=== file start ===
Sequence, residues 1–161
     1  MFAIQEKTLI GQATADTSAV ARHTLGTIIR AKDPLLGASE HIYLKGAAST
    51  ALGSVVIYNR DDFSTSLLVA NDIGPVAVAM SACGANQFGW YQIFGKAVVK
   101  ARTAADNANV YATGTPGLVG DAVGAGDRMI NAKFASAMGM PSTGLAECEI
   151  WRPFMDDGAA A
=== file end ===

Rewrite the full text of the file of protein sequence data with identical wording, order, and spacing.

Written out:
Sequence, residues 1–161
     1  MFAIQEKTLI GQATADTSAV ARHTLGTIIR AKDPLLGASE HIYLKGAAST
    51  ALGSVVIYNR DDFSTSLLVA NDIGPVAVAM SACGANQFGW YQIFGKAVVK
   101  ARTAADNANV YATGTPGLVG DAVGAGDRMI NAKFASAMGM PSTGLAECEI
   151  WRPFMDDGAA A